‘When with the ever-circling years….’

This week’s update is on something of a different tack to the others, more of a reflection on how things have gone so far, and what the future holds. I’m currently in the process of putting the finishing touches to the catalogue prior to fulfilling my own personal objective of putting everything catalogued so far (some 6,400 documents) online by Christmas. The catalogue is being spell checked by volunteers, the boxes are being individually checked against the catalogue to ensure that everything has been given references and that the labels on the calico wrappers around documents reflect the contents of the wrapper…..all those little jobs that are just as much a part of delivering an accessible catalogue as the main task of cataloguing the material itself is.

So where are we up to? In terms of material ready to be placed online, the project has reached 1742, so we have nearly a decade of eighteenth century material available for the public to consult. There have been some notable highlights in this documentation. The shipwreck of the ‘Anna and Helena,’ bulls being run through the streets of Newton Abbot, a ‘skimmington ride’ at Aveton Giffard, smallpox outbreaks, famines, and everything in between.

It’s also been a fun learning curve for me, as I’ve grappled with those lovely documents that defy easy categorisation. Documents like those in which John Polluxfen, while writing very generally about the highways, regales John Fortescue with stories about his latest journeys to Oxford, and gives the lo-down on who’s who, who’s where, who’s ill, and who’s not, and (almost always) claims to have fallen sick ‘just last Saturday’ making court attendance impossible. Is such a document an HI? Is it an NO? Or is it in fact a DI? And will Australia trounce us in the Ashes now that Ricky Ponting’s gone? (Perish the thought!).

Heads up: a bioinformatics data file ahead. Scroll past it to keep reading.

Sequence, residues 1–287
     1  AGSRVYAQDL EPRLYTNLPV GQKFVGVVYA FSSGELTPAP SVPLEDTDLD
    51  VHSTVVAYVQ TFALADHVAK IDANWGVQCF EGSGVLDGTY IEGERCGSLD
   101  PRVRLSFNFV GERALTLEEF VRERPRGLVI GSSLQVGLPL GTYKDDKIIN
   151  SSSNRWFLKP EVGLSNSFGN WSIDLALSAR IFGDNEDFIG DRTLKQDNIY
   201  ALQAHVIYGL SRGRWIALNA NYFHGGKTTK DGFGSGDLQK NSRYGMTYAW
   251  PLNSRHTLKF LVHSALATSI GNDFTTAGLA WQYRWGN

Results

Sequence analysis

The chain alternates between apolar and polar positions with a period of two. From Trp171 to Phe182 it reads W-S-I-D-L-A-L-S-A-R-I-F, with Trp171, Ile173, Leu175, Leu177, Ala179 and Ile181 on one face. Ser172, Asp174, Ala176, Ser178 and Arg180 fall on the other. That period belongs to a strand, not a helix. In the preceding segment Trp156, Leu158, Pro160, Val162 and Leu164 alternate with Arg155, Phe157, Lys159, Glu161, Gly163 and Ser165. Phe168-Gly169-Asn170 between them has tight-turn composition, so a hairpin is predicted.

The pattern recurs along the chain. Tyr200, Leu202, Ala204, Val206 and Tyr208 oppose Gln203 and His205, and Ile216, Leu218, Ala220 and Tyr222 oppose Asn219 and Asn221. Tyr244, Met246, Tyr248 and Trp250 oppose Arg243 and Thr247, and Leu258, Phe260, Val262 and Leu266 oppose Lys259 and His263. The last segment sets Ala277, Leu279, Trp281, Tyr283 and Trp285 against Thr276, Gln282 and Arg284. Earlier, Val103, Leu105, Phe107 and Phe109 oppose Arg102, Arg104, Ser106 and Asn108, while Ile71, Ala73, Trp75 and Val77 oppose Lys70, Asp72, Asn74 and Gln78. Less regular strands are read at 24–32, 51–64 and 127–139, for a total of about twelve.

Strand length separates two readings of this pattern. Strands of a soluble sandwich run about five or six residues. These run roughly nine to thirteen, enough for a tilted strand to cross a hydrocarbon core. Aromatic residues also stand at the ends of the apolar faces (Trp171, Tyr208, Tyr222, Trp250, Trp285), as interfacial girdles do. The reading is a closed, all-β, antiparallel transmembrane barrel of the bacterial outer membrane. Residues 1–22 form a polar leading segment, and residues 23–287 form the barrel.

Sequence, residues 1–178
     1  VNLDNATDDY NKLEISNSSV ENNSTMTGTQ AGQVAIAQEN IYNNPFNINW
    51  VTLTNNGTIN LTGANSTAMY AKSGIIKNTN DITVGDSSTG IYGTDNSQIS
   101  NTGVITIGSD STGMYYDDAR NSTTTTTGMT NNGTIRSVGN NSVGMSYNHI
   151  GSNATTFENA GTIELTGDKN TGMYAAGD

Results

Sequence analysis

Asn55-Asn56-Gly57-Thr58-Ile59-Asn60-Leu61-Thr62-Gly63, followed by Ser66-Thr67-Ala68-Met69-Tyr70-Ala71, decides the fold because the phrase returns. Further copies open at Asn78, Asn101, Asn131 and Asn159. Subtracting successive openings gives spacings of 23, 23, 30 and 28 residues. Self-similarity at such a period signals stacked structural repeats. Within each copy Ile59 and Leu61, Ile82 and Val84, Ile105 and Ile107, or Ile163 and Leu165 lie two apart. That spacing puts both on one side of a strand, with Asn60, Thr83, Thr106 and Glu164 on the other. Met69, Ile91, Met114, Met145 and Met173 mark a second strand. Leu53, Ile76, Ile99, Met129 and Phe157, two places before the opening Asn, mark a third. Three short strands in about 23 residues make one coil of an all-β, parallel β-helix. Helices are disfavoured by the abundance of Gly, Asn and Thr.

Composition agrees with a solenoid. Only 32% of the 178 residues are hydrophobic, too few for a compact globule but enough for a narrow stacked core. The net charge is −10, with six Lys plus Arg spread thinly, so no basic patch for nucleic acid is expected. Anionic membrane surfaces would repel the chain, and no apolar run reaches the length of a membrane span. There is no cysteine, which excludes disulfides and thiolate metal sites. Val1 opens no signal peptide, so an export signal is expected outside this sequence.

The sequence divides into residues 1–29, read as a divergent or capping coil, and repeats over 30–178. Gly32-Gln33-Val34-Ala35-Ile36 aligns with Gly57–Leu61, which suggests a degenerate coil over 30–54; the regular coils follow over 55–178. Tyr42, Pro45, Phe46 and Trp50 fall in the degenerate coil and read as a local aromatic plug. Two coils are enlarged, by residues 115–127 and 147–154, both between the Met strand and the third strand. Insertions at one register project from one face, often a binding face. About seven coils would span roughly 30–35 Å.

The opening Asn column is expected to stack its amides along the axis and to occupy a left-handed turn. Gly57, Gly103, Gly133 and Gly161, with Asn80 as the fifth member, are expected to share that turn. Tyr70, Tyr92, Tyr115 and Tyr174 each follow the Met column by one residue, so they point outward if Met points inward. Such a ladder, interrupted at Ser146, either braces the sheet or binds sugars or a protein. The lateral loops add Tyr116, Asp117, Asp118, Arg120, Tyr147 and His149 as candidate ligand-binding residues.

We’re now coming to the end of 2012, and since August we’ve been lifting the veil on a lost world. Lost, that is, in many respects, but not in all. One of the things I’ve hoped to achieve with this blog is to show others that the past is not lost to us completely. Throughout Devon, in some places the roads still flood in the same places they flooded in 300 years ago. The world is still governed to some extent by the seasons’ round; farmers still bring in their harvests, the people of the county still struggle against the biting cold in winter. Many of the towns and parishes referred to in the documents still exist today. There are still labourers, farmers, shopkeepers and merchants in Exeter and the surrounding towns and parishes. While we now live in a world of global possibility that our forbears three hundred years ago could scarcely have imagined, it was in their time that many of the foundations of the world we live in today were laid. Surnames persist in parts of the county in which they were present in the 1730s and 1740s; the bridges and highways still need to be maintained, and law and order are still upheld, far more fairly and equitably than in the eighteenth century world we’ve been exploring together.

300 years ago, John Fortescue would have been gearing up for the impending Epiphany Sessions, to be held around 15th January. Documentation preparatory to the Sessions taking place would have been flooding in to his office or his home in Gandy Street, Exeter, from all corners of the County. Surveyors of the highways and bridges would have been carrying out their inspections. The prisoners in the gaols, or those bound out to return to court in a few weeks, would have been awaiting an uncertain future. Shopkeepers would have been selling their wares, the yeomen farmers keeping watch over their cattle, and those who could afford to might have been preparing for Christmas. John Polluxfen would have been writing a letter to excuse his attendance at court, perhaps, this time, actually ill.

This is the world this cataloguing project gives us a glimpse of, and there’s plenty more to come. Will there be generally unpleasant crimes? Most likely. Famines? Possibly. Shipwrecks? Perhaps. More importantly, there’ll be plenty of unexpected oddities, weird occurrences, and tantalising glimpses of this hauntingly familiar world. I hope you’ll continue to join me in the months ahead as we press on into the past.

A Merry Christmas and happy newy year to you all.

Advertisements

The Strange and the wonderful, part II

As promised last week my update this week is to do with some of the more unusual things I’ve discovered while cataloguing this collection. One of the great things about the Quarter Sessions records are that extremely colourful snapshots of eighteenth century life can be gleaned from many of the events described.